Craig Murto: Tom Curley dies at 73

Longtime Thunder Road Speedbowl co-owner and promoter Tom Curley died on Friday following a lengthy illness.

Thomas M. Curley was 73 and was involved in Vermont and New England regional racing for most of his life. His career started at Thunder Road as a spectator and driver in the 1960s. He became the NASCAR Northeast regional director in 1978, and a year later created the NASCAR North Tour. He and Thunder Road founder Ken Squier then acquired the track in 1982.

NASCAR dropped the North Tour, and thus dropped Curley. But Curley always felt a loyalty to “his” racers, and created the American-Canadian Tour (ACT) sanctioning body in 1986. Both Thunder Road and ACT became household names throughout the Northeast, making the Barre, Vermont, high banks one of the most popular regional auto racing destinations. He created the ACT Late Model rules package currently used at Thunder Road and numerous other Northeast tracks.

During pavement Late Model racing’s heyday of the ’80s and ’90s, there were three top promoters and series: Bob Harmon and the All Pro Series; Rex Robbins and the American Speed Association; and Curley with ACT. At one time Curley arranged to have the three series run some combined races as The Stock Car Connection. A live television package for the events was prepared for The Nashville Network, and K-Mart was to be the official sponsor. But the deal fell apart when K-Mart pulled out to become the official something or other of NASCAR.

The annual Thunder Road end-of-season special known as The Milk Bowl is one of the most unique and exciting races in the country. The race is run in three 50-lap segments, each scored separately and points awarded. The entire field is inverted from the finishing order of each segment for the start of the next. The winner of the Milk Bowl – who gets to kiss a cow in Victory Lane – is determined by points following the three segments. Curley didn’t create the event, but under his leadership it became one of the biggest Late Model races in the country.

A family of four could get into Thunder Road’s weekly show for $20, and it was always filled with spectators. When asked why the track ran its successful weekly show on Thursday nights, Curley stated that it was because the local quarry paid its employees on Thursdays.

But Curley was driven by the philosophy that racing should be more exciting and affordable for the fans, and he believed it should be more affordable for the racers. His “ladder system” for weekly racing became known throughout the country. His ACT Late Models were among the first to use sealed “crate” engines to keep competitor costs down. And you didn’t dare mess with the rules, as Curley had no problem throwing violators out and suspending them for great lengths of time. If you were outraced in an ACT event or at Thunder Road, you knew you were beaten fair and square.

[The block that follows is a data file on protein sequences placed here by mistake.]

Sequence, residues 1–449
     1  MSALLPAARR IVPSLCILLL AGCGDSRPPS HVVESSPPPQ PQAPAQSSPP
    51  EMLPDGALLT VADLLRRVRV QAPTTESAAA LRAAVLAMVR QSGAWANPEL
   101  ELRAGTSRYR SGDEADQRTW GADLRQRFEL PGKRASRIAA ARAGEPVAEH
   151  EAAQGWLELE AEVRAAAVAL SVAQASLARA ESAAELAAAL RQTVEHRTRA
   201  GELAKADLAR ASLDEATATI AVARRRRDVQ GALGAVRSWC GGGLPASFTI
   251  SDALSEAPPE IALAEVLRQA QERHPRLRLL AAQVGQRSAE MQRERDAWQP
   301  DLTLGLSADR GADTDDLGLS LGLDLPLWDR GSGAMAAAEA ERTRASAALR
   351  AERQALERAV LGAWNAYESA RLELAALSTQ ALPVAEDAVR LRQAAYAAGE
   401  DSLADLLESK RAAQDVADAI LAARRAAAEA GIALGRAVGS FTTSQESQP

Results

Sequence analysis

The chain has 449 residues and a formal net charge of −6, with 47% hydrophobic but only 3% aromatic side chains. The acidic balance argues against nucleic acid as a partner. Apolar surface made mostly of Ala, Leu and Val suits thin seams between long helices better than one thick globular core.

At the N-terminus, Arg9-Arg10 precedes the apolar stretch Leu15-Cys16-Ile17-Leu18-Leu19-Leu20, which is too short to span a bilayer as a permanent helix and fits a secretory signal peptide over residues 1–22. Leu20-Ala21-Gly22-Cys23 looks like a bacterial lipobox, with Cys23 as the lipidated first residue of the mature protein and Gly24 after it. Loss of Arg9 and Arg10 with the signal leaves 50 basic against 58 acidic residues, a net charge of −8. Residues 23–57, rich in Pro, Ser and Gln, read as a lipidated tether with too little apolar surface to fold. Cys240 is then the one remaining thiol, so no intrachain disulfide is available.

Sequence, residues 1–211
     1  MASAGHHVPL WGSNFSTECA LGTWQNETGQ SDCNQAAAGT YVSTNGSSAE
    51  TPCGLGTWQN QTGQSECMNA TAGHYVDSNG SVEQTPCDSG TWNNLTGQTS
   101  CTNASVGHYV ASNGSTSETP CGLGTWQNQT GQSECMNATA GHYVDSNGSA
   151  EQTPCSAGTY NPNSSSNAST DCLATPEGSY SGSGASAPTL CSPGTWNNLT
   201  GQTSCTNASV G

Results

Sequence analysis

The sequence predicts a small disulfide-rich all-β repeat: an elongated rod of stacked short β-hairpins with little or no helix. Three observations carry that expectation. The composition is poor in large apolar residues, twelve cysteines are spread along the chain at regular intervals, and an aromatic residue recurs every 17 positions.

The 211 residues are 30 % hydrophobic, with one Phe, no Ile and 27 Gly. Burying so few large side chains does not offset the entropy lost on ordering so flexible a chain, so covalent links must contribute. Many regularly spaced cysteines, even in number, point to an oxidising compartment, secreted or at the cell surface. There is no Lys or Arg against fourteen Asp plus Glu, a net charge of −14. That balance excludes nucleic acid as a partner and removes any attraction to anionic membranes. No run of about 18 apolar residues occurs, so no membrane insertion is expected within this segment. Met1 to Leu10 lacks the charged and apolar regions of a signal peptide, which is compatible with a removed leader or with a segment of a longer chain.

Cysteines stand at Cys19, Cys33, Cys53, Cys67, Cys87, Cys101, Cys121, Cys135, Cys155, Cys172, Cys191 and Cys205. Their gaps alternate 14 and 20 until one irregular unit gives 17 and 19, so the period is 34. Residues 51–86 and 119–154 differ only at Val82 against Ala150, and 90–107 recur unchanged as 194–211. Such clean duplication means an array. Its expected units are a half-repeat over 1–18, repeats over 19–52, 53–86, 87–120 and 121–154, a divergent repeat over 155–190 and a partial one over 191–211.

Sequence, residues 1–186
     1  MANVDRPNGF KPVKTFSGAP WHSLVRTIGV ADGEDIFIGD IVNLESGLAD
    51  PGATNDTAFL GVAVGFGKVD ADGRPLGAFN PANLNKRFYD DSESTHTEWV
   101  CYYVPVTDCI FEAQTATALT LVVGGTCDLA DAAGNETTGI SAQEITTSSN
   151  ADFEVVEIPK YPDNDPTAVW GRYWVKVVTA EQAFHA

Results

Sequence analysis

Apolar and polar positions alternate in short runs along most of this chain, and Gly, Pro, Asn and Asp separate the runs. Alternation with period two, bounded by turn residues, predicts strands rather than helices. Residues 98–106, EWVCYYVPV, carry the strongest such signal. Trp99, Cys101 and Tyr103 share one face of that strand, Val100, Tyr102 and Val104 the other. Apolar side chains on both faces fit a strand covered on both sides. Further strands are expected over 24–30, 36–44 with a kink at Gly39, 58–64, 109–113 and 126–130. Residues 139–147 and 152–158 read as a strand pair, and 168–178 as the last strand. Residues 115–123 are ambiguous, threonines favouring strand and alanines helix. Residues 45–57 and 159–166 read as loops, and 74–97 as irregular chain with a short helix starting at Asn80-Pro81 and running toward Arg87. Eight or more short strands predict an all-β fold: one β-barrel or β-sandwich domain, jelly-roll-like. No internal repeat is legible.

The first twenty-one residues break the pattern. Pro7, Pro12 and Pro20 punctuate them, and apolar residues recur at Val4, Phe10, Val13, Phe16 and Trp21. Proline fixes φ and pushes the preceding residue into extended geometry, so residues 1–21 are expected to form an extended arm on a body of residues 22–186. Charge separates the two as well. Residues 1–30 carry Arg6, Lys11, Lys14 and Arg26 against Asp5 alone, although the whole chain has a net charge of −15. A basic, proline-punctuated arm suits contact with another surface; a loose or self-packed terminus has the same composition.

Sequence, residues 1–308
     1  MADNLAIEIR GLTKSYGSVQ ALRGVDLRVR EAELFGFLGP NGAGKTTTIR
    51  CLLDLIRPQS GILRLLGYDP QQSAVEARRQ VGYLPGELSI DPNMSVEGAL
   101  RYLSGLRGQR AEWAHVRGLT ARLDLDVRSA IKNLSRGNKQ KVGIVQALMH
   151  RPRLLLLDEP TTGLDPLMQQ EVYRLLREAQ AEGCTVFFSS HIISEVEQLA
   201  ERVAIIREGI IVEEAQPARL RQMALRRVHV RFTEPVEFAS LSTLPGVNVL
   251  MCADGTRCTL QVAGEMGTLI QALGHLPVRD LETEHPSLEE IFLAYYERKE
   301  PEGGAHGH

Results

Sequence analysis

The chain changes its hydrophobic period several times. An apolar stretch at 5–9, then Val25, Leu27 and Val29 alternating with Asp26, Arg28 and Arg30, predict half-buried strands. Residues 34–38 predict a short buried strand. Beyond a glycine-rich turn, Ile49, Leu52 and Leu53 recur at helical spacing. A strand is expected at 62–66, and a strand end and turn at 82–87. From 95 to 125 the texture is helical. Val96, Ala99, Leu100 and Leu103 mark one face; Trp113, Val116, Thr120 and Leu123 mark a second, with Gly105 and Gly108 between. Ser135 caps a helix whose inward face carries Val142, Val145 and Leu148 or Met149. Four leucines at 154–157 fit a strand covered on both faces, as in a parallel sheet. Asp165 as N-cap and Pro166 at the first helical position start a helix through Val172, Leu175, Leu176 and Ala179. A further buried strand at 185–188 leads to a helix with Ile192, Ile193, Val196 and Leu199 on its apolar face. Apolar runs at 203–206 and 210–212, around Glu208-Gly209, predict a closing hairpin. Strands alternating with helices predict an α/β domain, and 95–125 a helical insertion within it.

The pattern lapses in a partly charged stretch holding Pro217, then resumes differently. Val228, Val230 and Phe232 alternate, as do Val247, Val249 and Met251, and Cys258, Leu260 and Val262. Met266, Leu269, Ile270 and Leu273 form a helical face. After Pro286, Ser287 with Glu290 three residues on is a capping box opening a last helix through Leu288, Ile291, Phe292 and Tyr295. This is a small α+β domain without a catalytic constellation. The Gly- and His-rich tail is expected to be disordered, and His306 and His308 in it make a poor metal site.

Many well-known figures in racing cut their teeth under Curley. Drivers who came up through Curley’s system include former NASCAR Cup competitors Ricky Craven and Kevin LePage. NASCAR Motor Racing Network’s Dave Moody honed his skills in Vermont radio and as the track announcer at Thunder Road. Even Vermont’s new governor, Phil Scott, won championships in ACT and at Thunder Road, and continues to race when his duties allow.

Curley was a frequent speaker at promoter workshops, and nationally recognized for his efforts. Racing Promotion Monthly named Curley the North American Promoter of the Year in 2004. He also received the Lowes Motor Speedway National Short Track Promoter of the Year Award in 2003, and the Trackside Magazine Promoter of the Year Award in 1992. In 2009 Curley was inducted into the New England Auto Racing Hall of Fame.

Though his health declined, he continued to be a presence at Thunder Road. The last time I attended the track for the 2015 Milk Bowl, Curley continued to hold the drivers meeting and orchestrate the festivities behind the scenes despite requiring oxygen and a golf cart to get around.

He and Squier recently sold the track. It is hoped that it will continue to be operated in a fashion that would make Tom Curley proud. Other promoters around the country would be wise to study Curley’s methods. If they could be half as successful as Tom Curley, the sport will be in good shape.

Veteran motorsports columnist Craig Murto is a Linden resident.